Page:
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January 16, 2023
When and how to use Design of Experiments (DOE)
Written by: James Arpino, PhD
- Biologists are almost spoilt for choice when it comes to Design of Experiments (DOE) applications. This blog explores how to choose the right DOE experiment to reach your experimental goals.
- We’ll introduce the three main aims of a DOE campaign (characterization, optimization, and assessing consistency) and explore how these relate to your experimental goals.
- The blog also discusses the value of setting goals for responses and how DOE approaches can combine multiple responses.
- We will consider how to use replication in a DOE campaign to measure intrinsic variability and introduce using a model to assess robustness.
- If you’d like to read or learn more about DOE, make sure to check out our other DOE blogs, download our DOE for biologists ebook, or watch any of the webinars in our DOE Masterclass Series.
Biologists are almost spoilt for choice when it comes to Design of Experiments (DOE) applications (figure 1). As we have seen, though, DOE sometimes is an experimental sledgehammer to crack a nut of a hypothesis. This blog explores how the goals of your biological experimentation relate to the type of DOE experiment you might design or find in a busy lab.
Figure 1: Real-World Applications
Easier said than done: from eukaryotic to prokaryotic
In a previous blog, we looked briefly at the application of DOE in producing protein ‘X’ in a bacterium lineage. This time we’ll move from a prokaryotic line to a eukaryotic expression system. In this case, a yeast.
Bacteria and yeasts come from different taxonomic kingdoms. We can use the knowledge obtained from bacterial experiments to inform the conditions needed for expression in yeast. But we shouldn't expect the transfer from prokaryotic to eukaryotic lines to be straightforward.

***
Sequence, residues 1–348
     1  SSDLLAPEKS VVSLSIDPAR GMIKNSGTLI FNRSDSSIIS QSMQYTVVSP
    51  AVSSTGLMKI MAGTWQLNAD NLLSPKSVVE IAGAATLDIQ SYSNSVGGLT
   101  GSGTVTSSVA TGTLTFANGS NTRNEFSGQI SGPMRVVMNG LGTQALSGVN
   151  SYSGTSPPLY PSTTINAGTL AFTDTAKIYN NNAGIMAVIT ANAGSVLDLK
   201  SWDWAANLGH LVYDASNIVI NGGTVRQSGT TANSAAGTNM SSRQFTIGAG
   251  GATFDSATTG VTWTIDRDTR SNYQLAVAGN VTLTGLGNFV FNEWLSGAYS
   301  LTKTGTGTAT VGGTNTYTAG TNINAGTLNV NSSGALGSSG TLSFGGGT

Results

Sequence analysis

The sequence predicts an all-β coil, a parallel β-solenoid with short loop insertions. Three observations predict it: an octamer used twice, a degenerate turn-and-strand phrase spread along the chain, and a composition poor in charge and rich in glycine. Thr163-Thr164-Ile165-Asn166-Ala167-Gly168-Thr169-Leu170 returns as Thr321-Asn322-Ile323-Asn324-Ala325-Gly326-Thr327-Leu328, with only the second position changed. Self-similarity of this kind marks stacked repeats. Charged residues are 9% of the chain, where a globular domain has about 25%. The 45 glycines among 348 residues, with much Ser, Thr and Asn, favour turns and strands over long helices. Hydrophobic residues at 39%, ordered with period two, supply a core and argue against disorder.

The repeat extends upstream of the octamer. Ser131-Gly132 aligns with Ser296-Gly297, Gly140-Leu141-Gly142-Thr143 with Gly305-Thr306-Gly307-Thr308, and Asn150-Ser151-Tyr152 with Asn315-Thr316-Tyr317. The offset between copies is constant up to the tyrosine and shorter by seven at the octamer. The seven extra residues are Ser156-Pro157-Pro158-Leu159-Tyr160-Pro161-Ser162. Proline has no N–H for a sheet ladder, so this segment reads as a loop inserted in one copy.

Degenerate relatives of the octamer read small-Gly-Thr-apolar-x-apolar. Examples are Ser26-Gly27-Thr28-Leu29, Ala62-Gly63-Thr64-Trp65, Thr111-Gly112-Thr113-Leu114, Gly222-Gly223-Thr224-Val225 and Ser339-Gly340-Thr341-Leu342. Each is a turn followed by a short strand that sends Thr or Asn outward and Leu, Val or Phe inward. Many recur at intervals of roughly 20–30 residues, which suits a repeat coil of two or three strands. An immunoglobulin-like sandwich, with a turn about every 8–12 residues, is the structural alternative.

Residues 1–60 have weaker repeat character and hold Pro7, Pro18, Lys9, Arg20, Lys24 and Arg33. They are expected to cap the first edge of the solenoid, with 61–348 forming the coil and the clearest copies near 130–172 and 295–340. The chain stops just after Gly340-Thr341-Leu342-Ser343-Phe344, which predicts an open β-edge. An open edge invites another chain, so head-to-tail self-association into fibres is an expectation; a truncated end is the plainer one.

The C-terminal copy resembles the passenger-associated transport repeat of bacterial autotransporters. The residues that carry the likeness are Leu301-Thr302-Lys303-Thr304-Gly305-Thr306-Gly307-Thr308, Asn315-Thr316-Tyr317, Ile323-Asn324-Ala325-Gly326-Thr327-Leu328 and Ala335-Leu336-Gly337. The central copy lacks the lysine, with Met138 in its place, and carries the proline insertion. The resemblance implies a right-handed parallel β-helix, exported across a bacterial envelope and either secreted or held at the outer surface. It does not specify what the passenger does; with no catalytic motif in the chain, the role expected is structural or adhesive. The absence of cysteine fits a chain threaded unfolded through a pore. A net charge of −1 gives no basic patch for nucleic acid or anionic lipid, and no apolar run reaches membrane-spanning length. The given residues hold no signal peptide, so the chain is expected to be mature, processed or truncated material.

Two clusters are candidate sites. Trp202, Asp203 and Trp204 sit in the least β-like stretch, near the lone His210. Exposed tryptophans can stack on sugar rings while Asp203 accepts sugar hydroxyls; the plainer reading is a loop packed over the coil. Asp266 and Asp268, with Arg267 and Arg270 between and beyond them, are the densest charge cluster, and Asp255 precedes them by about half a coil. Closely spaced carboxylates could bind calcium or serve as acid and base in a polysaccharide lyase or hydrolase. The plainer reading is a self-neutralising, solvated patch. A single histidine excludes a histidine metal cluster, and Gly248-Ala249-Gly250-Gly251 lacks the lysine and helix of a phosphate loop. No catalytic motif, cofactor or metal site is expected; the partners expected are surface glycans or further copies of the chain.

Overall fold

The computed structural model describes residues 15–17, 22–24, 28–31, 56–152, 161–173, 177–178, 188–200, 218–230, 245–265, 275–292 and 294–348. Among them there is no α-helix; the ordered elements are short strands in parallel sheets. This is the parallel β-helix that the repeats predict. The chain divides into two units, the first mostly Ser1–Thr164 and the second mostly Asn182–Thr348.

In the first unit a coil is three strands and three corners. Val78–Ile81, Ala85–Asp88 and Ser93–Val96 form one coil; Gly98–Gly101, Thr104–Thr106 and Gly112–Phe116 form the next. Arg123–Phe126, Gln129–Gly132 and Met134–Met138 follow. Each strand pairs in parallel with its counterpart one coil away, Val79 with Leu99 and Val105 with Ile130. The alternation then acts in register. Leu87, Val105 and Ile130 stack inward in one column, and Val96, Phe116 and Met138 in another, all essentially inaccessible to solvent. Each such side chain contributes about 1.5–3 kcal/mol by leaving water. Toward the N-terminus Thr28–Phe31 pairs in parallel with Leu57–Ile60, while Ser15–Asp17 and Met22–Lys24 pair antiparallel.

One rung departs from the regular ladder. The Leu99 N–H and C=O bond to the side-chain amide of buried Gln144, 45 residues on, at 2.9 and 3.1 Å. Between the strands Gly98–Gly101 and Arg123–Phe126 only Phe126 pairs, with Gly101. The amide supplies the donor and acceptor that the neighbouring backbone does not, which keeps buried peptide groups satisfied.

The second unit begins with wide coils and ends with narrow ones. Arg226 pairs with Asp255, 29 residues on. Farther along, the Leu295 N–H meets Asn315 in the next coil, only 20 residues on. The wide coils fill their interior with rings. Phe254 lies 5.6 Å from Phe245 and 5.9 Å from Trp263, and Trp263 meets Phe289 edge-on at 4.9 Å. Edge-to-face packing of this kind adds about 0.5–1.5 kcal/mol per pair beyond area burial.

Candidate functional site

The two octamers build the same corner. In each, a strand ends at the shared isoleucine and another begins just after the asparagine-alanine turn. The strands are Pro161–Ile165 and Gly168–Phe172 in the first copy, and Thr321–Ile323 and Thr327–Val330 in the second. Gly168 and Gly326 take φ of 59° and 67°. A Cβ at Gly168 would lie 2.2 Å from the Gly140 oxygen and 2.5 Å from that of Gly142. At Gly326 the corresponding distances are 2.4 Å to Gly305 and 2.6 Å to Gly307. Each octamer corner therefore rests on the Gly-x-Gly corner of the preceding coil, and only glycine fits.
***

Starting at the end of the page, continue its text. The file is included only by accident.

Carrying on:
The genetic payload will need to be at least partially rewritten, for instance. Getting a eukaryote to stably express the gene or genes of interest can be more difficult than with prokaryotic lines. The media and other growth conditions will be different. In general, the more complex organisms become, the greater the stochasticity in behavior and systems tend to get noisier. Maintaining relative stability means considering a greater number of factors and inputs compared with simpler organisms.
So, how can DOE help you meet your goal of optimal expression by the yeast?
When and how can DOE help?
Numerous factors could influence the stable expression of the gene encoding protein ‘X’ by the yeast. Fungi use several amino acids as nutrition, for example, which could be worth investigating. And that’s just one component of the complex and complicated pathways in a yeast.
In general, DOE assumes that you have a good starting point. Your results will greatly depend on where you start in general. Although we know inputs and conditions will change, in our example it's reasonable to assume our existing process is “good enough.” A future blog will look at what happens when you don’t know where to start.
In our example, we could use DOE to meet several experimental goals, such as:
- Ensuring the system meets our experimental objectives: e.g. the yeast line expresses the gene encoding protein ‘X’ with at least the same specific productivity as the original bacterial line
- Fixing a specific problem with a part of the system: e.g. expression levels of the gene vary markedly
- Better understanding without necessarily aiming for control, e.g. which balance of amino acids has the biggest effect on the expression levels by the yeast
- Adapting the process after development: e.g. scaling up or using a new, cheaper feedstock
DOE experiments can generally be bucketed into three broad objectives:
- Assessing consistency
We’ll use these classifications to illustrate how you can apply DOE experiments to achieve different experimental objectives such as the ones above.
Ensuring stable expression of the gene encoding protein ‘X’ by the yeast can be a long experimental journey. But of course, a journey of a thousand miles begins with a single step. Characterization is about understanding the likely journey better. You’re not yet trying to find the best route.